Henry Winkler thought he was "stupid" before discovering he is dyslexic.
The 73-year-old actor – who rose to fame in his role as The Fonz on 70s show ‘Happy Days’ – only learned about dyslexia when he took his stepson to get evaluated when he was 31, and has said that before getting diagnosed, he had always assumed his struggle with reading and writing had been down to his intelligence.
He said: "I thought I was stupid … You take that mantle with you when it’s said often enough and when you’re young enough. There is an emotional component, I think, that comes along with learning challenges, where I had no sense of self."
Since discovering his learning disability – which often causes problems with reading, writing and spelling – Henry has written 29 books with the help of Lin Oliver for his long-running children’s book series ‘Here’s Hank’, which are fictional stories about a child battling with the condition.
He added of the series: "It never dawned on me that I would have my name on a book. We set out to write comedies that happen to be about a kid who had a challenge, but they were funny first. If we didn’t make each other laugh, Lin and I, it wouldn’t go in the book."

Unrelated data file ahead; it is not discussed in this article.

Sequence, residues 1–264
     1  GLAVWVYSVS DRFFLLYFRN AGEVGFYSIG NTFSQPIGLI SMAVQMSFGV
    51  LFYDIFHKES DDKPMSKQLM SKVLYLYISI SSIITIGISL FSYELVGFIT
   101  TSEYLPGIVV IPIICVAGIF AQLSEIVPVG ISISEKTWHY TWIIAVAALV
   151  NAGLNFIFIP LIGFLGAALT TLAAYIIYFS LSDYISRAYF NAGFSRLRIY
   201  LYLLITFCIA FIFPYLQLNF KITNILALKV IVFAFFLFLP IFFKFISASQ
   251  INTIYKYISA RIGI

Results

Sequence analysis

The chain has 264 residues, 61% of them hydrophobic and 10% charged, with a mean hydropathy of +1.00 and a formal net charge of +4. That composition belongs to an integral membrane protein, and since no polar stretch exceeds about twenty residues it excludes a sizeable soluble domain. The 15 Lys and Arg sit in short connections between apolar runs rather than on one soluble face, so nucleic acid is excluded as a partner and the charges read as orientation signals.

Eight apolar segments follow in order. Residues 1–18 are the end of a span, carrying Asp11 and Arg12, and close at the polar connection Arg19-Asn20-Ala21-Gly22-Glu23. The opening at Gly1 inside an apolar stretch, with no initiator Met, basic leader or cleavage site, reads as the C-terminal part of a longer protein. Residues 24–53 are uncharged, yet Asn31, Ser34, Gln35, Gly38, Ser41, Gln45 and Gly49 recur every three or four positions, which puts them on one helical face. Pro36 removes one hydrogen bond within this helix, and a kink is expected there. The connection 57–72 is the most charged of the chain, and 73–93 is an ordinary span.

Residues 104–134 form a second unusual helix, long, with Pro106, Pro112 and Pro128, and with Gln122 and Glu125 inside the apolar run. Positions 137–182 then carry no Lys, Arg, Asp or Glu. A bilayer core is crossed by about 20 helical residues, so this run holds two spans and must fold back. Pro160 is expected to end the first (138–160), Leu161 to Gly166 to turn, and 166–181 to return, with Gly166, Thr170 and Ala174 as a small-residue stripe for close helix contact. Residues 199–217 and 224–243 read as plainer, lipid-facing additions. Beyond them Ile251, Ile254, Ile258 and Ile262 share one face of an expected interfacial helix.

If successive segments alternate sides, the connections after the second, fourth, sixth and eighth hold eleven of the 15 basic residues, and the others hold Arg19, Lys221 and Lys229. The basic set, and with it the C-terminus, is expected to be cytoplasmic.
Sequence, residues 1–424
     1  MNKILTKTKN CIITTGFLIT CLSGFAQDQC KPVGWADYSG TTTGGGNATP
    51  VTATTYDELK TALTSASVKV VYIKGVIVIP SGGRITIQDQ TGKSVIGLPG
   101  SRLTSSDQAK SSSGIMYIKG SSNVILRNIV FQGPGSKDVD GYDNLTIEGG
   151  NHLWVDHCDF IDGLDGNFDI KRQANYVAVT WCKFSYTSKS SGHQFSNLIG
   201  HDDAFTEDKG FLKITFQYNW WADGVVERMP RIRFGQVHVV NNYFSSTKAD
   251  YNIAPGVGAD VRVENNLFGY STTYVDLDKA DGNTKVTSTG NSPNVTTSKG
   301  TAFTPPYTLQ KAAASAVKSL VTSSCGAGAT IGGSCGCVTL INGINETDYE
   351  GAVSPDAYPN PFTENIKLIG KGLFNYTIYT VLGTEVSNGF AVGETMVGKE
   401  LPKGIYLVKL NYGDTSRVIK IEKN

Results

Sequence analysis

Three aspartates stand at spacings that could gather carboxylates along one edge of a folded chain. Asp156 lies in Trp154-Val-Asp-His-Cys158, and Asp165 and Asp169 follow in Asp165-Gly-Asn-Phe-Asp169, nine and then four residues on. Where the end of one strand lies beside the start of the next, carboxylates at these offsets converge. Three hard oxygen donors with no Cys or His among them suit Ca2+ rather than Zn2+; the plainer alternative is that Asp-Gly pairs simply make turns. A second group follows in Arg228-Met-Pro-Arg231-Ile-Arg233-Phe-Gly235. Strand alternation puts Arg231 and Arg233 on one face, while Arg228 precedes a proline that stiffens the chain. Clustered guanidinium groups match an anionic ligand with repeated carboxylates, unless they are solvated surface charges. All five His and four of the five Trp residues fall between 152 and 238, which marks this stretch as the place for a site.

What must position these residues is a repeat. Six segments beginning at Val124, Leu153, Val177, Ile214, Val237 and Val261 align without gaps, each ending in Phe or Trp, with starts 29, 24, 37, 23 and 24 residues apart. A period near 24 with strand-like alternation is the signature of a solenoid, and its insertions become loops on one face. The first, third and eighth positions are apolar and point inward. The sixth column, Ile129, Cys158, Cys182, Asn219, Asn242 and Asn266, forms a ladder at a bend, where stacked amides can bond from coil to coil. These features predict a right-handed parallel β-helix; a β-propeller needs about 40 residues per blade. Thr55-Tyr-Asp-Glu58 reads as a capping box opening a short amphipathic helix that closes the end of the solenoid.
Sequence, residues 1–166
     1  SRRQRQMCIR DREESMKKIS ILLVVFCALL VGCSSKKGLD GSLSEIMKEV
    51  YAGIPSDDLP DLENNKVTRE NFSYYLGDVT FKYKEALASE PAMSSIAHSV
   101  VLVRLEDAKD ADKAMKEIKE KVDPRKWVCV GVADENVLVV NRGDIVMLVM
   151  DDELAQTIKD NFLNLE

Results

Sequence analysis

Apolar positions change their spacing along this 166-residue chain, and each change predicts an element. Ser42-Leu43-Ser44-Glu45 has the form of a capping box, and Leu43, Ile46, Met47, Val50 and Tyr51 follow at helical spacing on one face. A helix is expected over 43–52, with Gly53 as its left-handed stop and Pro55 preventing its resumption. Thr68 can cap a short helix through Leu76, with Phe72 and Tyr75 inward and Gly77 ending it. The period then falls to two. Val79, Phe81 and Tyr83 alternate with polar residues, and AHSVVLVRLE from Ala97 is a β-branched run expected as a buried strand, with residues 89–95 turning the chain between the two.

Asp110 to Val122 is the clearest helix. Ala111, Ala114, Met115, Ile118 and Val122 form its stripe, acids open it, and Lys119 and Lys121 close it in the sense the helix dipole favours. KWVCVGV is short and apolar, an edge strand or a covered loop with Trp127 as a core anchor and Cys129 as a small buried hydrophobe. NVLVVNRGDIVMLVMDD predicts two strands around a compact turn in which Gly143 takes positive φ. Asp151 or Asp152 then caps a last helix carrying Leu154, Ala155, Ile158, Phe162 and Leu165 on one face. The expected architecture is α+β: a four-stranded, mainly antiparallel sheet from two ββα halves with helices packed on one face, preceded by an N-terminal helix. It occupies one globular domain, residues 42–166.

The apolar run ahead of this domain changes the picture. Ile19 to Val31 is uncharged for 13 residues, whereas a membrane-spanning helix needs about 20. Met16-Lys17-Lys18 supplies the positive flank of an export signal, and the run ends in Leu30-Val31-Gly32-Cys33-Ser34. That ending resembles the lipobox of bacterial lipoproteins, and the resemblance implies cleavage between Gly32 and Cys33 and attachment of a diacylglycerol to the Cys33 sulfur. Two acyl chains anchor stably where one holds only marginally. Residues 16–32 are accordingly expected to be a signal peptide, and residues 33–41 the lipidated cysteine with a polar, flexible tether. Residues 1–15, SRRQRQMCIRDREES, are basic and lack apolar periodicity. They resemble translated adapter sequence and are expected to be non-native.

The books tackle different forms of dyslexia, and Henry says he wants to make sure children stop feeling "inadequate" or "embarrassed" by the disability.
Speaking to NPR, he said: "Some people, it works on their ability to read and do math, to actually write a sentence. Some people write backwards. When you’re reading, you miss words, they drop off the page or the words start swimming.
"What I have found over the years talking to kids today about it is that our journeys are similar. The feeling of inadequacy, of embarrassment, of, ‘Oh my gosh, am I going to have a future?’"
Henry’s final book, ‘Everybody Is Somebody’, is out on Tuesday (29.01.19).